Stephen Daisley

The horror of Scotland’s drug death epidemic

The horror of Scotland's drug death epidemic
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Drug deaths in Scotland have reached their highest-ever level, with Scottish government figures recording 1,339 fatalities in 2020. When the statistics for 2019 were published last December, confirming Scotland as the drug death capital of Europe, Nicola Sturgeon was forced to sack her drugs minister and pledge a £250 million investment in support and treatment services. The current drugs minister, Angela Constance, need not worry about her position just yet. Today’s numbers reflect the final year of her predecessor’s watch, but they nonetheless make for brutal reading.

Constance has called them ‘heart-breaking’ but that is far from adequate. 2020 was the seventh year in a row in which the death rate went up. For a country with a population of only 5.5 million, it is a grievous tally: higher than the annual death toll from Aids in Niger, three times the number killed in the Philippines' drug war over the same period. Drugs killed more people in Scotland in 2020 than a year of Saudi airstrikes in Yemen.

The Scottish government is taking a scattergun approach to the problem, investing in more residential treatment and pushing the UK government for more powers on ‘overdose prevention facilities’. The reason for the eclectic — some might say unfocused, others might say panicked — response from Nicola Sturgeon’s government is that no one is entirely sure what will work and SNP ministers must be seen to be doing something. Sturgeon herself admitted in April that her administration ‘took our eye off the ball’ on drug deaths.

The truth is much worse: during their first 12 years in power, the SNP cut funding for drug and alcohol services by 53 per cent, an action followed by a 160 per cent increase in drug deaths. 

This issue makes the Nationalists queasy because the blame can’t be pinned exclusively on big, bad Westminster. The SNP has been running the show for 14 years. It has had the powers and the funds to invest in treatment and support and simply chose not to — until the spiking death rate shamed them into action.

Even a government that was activist about these matters would be daunted by the challenges thrown up by Scotland’s drug culture. For one, the biggest killer these days is not the heroin habit made famous by Trainspotting; it’s 'street valium’, a benzodiazepine that can be picked up for 50p a pill on the streets of Dundee and Glasgow. 

There is also the problem of a UK government that remains hostile to safe injection sites, decriminalisation and medicalisation of a social pathology the criminal justice system is wholly unsuited to addressing. The underlying issue, however, is the Scottish government’s lack of vision — or even just a clue — for tackling the problem. It is bordering on a macabre experiment in just how thoroughly and consistently a government can fail the most vulnerable before it faces some sort of electoral consequence, or at least acquires a functioning conscience. What is happening in Scotland is a mass human sacrifice of people who are treated as less than human because they don’t vote and their stories are not sympathetic enough for the front pages.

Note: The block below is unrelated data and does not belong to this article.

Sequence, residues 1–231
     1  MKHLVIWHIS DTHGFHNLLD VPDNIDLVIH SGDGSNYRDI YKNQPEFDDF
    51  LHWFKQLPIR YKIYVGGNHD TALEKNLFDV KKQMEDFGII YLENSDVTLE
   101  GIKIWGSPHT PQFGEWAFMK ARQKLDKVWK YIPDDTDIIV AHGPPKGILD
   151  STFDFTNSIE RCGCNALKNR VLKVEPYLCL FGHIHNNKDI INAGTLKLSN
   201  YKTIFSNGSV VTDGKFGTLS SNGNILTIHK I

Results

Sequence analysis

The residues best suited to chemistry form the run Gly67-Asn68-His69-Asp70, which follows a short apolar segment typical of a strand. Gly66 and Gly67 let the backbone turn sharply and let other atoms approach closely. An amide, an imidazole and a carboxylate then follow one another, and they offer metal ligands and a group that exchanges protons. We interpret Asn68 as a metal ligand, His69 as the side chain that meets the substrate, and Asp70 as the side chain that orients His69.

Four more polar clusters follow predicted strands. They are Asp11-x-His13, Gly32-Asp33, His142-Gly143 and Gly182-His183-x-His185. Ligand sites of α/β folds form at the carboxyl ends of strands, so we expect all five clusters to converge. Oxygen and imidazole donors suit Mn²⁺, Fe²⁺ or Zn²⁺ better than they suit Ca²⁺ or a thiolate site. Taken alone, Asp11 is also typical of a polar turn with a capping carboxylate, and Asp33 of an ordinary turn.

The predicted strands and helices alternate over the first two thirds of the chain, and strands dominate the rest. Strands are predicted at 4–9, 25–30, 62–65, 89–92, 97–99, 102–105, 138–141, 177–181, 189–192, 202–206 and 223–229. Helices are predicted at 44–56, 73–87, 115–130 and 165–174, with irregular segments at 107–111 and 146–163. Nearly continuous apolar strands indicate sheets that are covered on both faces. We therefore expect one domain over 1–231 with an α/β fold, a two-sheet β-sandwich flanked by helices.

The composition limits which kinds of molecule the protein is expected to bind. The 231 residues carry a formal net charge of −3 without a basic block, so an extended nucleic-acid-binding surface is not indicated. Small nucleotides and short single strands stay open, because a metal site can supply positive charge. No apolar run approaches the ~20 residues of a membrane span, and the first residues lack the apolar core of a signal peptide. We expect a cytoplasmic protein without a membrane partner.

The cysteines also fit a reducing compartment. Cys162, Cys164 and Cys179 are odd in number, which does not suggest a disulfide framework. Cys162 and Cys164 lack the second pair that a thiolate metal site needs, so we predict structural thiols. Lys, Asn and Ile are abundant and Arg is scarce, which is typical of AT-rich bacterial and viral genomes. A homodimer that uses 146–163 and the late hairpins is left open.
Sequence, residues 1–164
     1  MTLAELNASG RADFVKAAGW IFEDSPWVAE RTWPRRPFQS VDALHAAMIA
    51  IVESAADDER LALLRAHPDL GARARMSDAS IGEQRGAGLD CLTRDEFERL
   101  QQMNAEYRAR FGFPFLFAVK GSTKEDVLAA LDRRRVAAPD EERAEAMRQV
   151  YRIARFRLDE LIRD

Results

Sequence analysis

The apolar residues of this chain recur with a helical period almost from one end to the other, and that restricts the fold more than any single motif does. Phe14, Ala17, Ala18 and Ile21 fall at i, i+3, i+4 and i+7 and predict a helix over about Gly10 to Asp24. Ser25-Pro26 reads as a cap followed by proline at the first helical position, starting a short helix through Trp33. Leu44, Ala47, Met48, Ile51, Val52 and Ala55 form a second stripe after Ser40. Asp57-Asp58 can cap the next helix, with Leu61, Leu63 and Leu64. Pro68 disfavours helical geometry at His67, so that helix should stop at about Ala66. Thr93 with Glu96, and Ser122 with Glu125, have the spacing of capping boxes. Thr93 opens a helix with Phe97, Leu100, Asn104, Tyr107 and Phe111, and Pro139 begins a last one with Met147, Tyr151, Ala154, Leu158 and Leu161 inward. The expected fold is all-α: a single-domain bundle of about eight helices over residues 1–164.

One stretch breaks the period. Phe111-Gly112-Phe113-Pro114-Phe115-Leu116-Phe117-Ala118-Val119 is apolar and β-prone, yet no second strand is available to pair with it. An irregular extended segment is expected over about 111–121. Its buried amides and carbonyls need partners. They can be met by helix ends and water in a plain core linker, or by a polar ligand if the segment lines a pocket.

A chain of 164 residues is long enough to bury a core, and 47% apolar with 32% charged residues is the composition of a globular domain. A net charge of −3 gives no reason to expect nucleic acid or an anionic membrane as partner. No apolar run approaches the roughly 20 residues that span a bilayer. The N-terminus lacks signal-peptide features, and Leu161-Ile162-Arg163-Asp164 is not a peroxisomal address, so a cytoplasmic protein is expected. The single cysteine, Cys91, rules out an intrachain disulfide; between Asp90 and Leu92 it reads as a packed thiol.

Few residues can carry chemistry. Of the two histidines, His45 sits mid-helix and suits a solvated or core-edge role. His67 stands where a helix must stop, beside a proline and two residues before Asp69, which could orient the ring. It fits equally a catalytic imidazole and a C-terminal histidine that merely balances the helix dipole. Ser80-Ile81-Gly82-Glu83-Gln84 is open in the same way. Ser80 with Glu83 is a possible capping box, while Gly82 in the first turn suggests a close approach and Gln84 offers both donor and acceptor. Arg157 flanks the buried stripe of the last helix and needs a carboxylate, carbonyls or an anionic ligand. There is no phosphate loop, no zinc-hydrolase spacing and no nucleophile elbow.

A sensible, if modest, step forward would be for Holyrood to pass Douglas Ross’s Right to Recovery Bill. The Scottish Tory leader wants to create a legal right to drug treatment, including the right to be admitted to a residential programme. There’s a lot of sympathy for the idea across the board at Holyrood, including from Nationalists who think their government should have thought of it first. Ross says getting the bill over the line will require the SNP to ‘wake up, stop stalling and support it’ and he points to the recent precedent of Holyrood rushing through Covid laws in three days.

A right to recovery is all well and good but it wouldn’t cut out the core of Scotland’s fatal drug culture: criminalisation. Prohibition doesn’t stop people wanting drugs and punishment doesn’t deter them from acquiring them through illegal means. Abstinence will work for some but for other users, the task is to manage risk and reduce harm. That means moving away from prohibition and towards an approach that puts safety first. 

If hard drug-taking is going to happen — and it is — it should happen in lawful, safe, medical environments in which consumption can be better monitored and regulated, and overdoses and other adverse reactions managed by medics. Until we accept the need for this kind of reform, we will have to get used to the grim sobriquet of the ‘drug death capital of Europe’ because it won’t be going anywhere.

Written byStephen Daisley

Stephen Daisley is a Spectator regular and a columnist for the Scottish Daily Mail

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